So today is the day that the UK public will finally vote on whether to leave the European Union. By some time on Friday we will know whether we have voted to ‘Leave’ or ‘Remain’. Being the recipient of a postal vote, I have already submitted my ballot paper and so I won’t be off to the local church to use the tradition stubby pencil to mark my ballot paper.
The debate has been long – what will the news be covering now I wonder – passionate, nasty and generally loud. Names have been called, accusations made but also friends made over their traditional political difference. Whether any of this can be undone will remain to be seen. The ruling Conservative party has always been split on the issue of Europe, and this vote was granted by the Prime Minister as a way of holding his party together during the last General Election campaign. Whether the Tory party would be better split in to two halves, time will tell.
In the meantime, I know that readers are likely to be on both sides of the debate and so may disagree with my personal ‘Remain’ decision.
There I said it, in public, and I feel better for it. Good friends don’t agree and they will vote their own way when it comes to it at some point today.
Personally, I am a bit of an idealist – someone who thinks that we have more in common with Germany or France than with much of the rest of the world. At a time when we look back at the two World Wars, honouring those that served and died, we forgot that they fought not just for their own country, but for a vision of Europe living in peace.
Practically, much of my civil rights and equal treatment rights have not come from various UK Governments, but rather from Europe, either the EU or the European Court of Human Rights. I personally would not trust this current Government to protect me if we were to leave the EU. The constant complaints about regulations – and yes there are some things I wouldn’t do if I were in charge at the EU – but there are some jolly good protections in the areas of Health and Safety, employment rights, and Data Protection. I know that big business doesn’t like these – why would they want anyone to redress the balance of power in the employee/employer relationship. We are promised a UK Bill of Rights, the contents of which are still unknown, and which could contain no guarantees for any minority.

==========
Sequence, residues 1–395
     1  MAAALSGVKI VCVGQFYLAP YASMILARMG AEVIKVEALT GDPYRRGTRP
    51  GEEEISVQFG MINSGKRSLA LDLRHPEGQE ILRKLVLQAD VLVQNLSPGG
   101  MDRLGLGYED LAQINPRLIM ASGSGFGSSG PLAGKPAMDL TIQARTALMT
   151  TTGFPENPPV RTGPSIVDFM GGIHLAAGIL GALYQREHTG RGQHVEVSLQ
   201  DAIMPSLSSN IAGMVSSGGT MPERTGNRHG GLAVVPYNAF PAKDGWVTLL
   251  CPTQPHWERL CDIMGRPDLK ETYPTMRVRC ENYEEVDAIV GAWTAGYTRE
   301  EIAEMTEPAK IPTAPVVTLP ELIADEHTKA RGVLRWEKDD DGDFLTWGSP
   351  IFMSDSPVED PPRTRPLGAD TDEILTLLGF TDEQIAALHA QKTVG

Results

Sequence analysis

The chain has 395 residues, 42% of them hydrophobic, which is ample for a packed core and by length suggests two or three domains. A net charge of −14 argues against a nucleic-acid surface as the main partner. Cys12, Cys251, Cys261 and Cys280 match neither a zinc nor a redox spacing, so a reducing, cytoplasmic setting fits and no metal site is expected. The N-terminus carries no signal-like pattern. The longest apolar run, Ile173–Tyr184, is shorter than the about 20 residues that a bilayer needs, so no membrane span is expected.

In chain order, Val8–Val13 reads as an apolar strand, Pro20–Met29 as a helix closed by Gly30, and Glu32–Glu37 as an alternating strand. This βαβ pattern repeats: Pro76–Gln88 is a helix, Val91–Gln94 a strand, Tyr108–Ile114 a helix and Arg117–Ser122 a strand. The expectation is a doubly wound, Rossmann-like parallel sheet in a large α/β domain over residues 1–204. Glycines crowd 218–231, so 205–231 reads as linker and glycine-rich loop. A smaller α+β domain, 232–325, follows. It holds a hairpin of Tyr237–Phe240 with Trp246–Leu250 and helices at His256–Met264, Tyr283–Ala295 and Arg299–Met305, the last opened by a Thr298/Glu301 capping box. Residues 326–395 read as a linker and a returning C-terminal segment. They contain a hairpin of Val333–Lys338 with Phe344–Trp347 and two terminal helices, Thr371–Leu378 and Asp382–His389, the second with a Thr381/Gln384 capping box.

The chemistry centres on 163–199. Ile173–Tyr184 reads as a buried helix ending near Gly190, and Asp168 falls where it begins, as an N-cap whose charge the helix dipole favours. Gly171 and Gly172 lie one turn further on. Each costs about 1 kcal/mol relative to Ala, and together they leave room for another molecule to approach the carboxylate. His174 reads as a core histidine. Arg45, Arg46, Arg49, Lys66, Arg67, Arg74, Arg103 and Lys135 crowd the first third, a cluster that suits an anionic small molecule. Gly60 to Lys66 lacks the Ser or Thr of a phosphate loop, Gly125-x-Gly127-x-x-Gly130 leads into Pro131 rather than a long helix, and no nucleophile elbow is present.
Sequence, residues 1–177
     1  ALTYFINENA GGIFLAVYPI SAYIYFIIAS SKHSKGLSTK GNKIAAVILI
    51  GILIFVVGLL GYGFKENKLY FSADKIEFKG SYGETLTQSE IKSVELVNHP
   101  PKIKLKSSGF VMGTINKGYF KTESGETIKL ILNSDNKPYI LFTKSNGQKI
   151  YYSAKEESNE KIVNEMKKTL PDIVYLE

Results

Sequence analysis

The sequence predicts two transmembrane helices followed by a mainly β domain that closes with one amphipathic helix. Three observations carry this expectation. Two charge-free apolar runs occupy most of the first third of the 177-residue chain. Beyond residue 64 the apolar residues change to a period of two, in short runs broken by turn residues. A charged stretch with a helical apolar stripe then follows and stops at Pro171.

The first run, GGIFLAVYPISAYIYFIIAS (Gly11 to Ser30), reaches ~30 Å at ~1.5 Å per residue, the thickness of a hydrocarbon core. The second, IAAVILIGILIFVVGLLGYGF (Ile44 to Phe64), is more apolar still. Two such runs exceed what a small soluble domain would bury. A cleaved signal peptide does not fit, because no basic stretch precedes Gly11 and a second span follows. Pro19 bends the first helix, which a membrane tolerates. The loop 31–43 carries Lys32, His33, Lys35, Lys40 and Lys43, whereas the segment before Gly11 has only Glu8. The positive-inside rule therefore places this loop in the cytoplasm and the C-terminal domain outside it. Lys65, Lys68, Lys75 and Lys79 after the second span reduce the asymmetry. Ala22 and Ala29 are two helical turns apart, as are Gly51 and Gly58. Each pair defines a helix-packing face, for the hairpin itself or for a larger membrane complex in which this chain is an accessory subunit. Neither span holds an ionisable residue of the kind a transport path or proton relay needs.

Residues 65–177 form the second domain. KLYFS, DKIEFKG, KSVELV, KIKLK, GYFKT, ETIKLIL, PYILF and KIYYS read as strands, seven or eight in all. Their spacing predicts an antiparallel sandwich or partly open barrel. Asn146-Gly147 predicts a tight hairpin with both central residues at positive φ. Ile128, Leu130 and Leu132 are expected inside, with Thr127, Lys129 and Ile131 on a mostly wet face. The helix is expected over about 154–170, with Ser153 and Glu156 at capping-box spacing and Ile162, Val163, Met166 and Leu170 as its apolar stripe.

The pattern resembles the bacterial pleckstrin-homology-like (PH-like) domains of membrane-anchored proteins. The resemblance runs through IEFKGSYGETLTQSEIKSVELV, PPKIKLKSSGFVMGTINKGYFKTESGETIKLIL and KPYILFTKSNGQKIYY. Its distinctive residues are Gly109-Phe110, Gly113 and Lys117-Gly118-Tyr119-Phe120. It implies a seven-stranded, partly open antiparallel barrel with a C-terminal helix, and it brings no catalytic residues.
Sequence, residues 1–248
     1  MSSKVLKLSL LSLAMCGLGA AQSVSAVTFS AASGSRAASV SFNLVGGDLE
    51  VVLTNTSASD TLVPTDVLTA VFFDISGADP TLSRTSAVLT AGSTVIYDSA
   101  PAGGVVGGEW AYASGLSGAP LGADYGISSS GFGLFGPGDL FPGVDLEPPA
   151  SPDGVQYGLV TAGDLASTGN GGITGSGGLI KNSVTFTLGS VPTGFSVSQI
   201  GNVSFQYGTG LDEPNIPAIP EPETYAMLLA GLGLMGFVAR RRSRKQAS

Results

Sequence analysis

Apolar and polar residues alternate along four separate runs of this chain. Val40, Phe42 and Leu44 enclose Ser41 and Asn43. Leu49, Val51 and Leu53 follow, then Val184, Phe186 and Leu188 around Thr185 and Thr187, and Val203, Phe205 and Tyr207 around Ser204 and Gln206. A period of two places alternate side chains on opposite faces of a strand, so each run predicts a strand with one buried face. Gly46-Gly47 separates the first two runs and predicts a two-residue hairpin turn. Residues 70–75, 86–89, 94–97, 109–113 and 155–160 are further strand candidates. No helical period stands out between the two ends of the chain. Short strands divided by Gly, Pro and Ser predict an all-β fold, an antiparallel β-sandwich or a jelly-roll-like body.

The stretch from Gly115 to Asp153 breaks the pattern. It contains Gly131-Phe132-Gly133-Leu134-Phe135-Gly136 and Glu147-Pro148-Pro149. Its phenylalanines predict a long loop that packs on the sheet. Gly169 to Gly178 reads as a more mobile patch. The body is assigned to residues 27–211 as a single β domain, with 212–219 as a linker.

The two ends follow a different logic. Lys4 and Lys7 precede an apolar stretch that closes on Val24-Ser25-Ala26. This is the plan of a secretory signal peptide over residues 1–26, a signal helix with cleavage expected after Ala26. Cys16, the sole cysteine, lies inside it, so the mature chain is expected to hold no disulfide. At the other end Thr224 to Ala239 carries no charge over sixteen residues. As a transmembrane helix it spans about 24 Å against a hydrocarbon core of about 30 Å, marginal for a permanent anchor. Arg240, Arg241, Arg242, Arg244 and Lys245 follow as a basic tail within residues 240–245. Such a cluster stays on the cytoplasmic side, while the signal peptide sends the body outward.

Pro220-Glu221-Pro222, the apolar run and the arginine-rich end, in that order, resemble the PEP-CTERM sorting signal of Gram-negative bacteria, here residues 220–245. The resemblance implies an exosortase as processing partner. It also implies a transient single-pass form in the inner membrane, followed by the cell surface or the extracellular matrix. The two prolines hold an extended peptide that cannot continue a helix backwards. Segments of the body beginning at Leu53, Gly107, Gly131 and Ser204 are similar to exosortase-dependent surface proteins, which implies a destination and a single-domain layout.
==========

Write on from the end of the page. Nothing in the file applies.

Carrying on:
In truth, it will be the simple things we will regret. Longer queues at the non-EU line at airports in Europe, the possibility of needing visas before being able to pop across the channel to France, or Germany or Holland, where we have taken it for granted that we could just turn up at the airport and travel. I like being protected if the airline cancels my flight or downgrades me – all through EU legislation.
My current passport expires in 2018 and I wonder whether its replacement will be a UK or EU one?
Whatever the outcome, the vote appears to be close. We know that at the last general election people misled pollsters about their voting intentions as they were embarrassed to say they were voting Conservative. That could be the case here too. The geographic split within the UK will be interesting and could well lead to a call for a further referendum in Scotland to leave the UK. The age split will also be telling – older, rich, pensioners are voting to leave we are told. Young people, wanting the chance to work in Europe, are voting to Remain. What will happen to the million UK nationals living in the sun in Spain? Their government has already indicated that they will lose their right to work.
There are huge questions to be answered over the two years it will take us to leave and I no one knows the consequences. One side saying it will be awful, and the other that it will be like the glory days of the 1950’s. (Glorious only for some, of course, not so good for women, minorities or gay people). I am sure that the pound will collapse against both the dollar and the Euro next week if we vote to leave – and it is likely that in the short term the UK poor will get poorer and the rich will be richer.
Whichever version of the future you prefer, please go out and vote. I am glad I will be able to say that I did when asked in the years to come.